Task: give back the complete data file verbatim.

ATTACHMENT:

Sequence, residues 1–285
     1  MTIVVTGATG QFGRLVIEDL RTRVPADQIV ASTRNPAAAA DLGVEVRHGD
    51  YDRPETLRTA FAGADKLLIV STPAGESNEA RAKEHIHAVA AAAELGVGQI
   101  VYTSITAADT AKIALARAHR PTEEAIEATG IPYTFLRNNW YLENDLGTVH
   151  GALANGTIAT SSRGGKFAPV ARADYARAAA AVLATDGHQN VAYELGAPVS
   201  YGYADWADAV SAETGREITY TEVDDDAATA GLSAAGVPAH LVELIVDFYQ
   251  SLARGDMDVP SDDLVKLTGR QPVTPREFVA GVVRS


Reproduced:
Sequence, residues 1–285
     1  MTIVVTGATG QFGRLVIEDL RTRVPADQIV ASTRNPAAAA DLGVEVRHGD
    51  YDRPETLRTA FAGADKLLIV STPAGESNEA RAKEHIHAVA AAAELGVGQI
   101  VYTSITAADT AKIALARAHR PTEEAIEATG IPYTFLRNNW YLENDLGTVH
   151  GALANGTIAT SSRGGKFAPV ARADYARAAA AVLATDGHQN VAYELGAPVS
   201  YGYADWADAV SAETGREITY TEVDDDAATA GLSAAGVPAH LVELIVDFYQ
   251  SLARGDMDVP SDDLVKLTGR QPVTPREFVA GVVRS